Rupert Pupkin Speaks: Favorite Film Discoveries of 2013 - Jackson Stewart ""

Wednesday, January 29, 2014

Favorite Film Discoveries of 2013 - Jackson Stewart

Jackson Stewart is a writer/director living in Los Angeles.  He created the web series 'The Cartridge Family' and wrote for the CW show Supernatural.  He recently finished a new short titled 'Sex Boss'.
He's on twitter @bossjacko.
1.  The Stranger's Gundown aka Django the Bastard (1969)
-An eerie entry into the 100+ unofficial Django films made in Italy during the 60s and 70s.  Anthony Steffan takes the Django role this time reimagined as the ghost of a vengeful Union soldier.  There's a terrific sequence where Django is hanged that's harrowing and director Sergio Garrone seems to be flirting with some supernatural horror elements throughout.  Check it out if you can find it.
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2.  Homebodies (1974)
-I caught this with an unsuspecting crowd on 16mm during Cinefamily's United States of Horror series back in October and was blown away.  The movie centers around a group of elderly folks who've been living in the same building for many, many decades.  A greedy real estate mogul sets to kick them out and destroy the building and our septuagenarian heroes will stop at nothing to keep their place.  It's a pitch black comedy and resonated with me for weeks after seeing it.  The tone is perfect and the film concludes with (no joke) a thrilling paddleboard chase.  It's a must.
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3.  After Dark, My Sweet (1990)
- This is oddly obscure despite being based off the seminal Jim Thompson novel of the same name.  Jason Patric stars as Kid Collie, a disgraced boxer recently having escaped a mental institution; through a series of events, he's roped into kidnapping a wealthy man's child and ends up snatching the wrong kid.  Needless to say, things don't go very well.  This film grabbed me from frame one with its taut visuals, career best performance from Jason Patric and grim tone (maybe the closest to match Thompson's novels).  It's a nasty movie and Bruce Dern crushes it as Uncle Bud, the sadistic brain behind the kidnapping.  Looks like it is available on Amazon Instant too.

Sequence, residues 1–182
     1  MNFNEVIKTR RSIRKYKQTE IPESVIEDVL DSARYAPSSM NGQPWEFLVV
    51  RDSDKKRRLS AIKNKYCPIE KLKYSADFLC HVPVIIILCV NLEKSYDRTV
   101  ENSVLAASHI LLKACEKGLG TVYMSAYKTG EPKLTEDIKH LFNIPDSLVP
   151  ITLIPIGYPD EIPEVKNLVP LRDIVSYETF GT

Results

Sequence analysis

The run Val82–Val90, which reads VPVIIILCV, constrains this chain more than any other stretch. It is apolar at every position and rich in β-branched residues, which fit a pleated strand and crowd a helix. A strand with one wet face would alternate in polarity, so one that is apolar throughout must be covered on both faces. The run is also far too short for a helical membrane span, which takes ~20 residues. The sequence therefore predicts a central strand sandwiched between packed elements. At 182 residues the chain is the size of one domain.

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4.  Corky (1972)
- Robert Blake stars as Corky Curtiss, a childlike country boy who dreams of stock car racing glory.  He's an edgy character, unlikable in many scenes but the type we want to see succeed.  I can't quite say why, but the movie left a big impression on me and there's a pervasive ennui throughout it that leaves you thinking.  There's a suitably tragic ending and some great 1970s locations.  I had an extremely hard time finding a copy.
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5.  Road of Death (1973)
- Jack Birch (Thora's dad), stars as Frank a regular dude just enjoying a swim in the lake with his pal Joe Banana and gets beaten up by a gang of bikers who kidnap his girlfriend.  The movie is as low budget, sleazy and exploitive as it gets, with the bizarre insertion of Joe Banana's band, The Joe Banana Thing, forced into the middle of the movie.  Very flawed but I had a blast watching it and I think you will too.  Here's a link to the trailer (with some hilarious voiceover at the end) that should help sell you on the movie. 


Will Errickson said...

OMG I saw AFTER DARK when it came out after reading the novel! I remember liking 'em, but not sure. Shit that was a long time ago...

Morgan said...

The Joe Banana Thing is the coolest unknown band ever. I wish someone could track down Joe Banana and release a soundtrack album. The music in Road Of Death is hilarious. And it has Thora Birch's parents in it.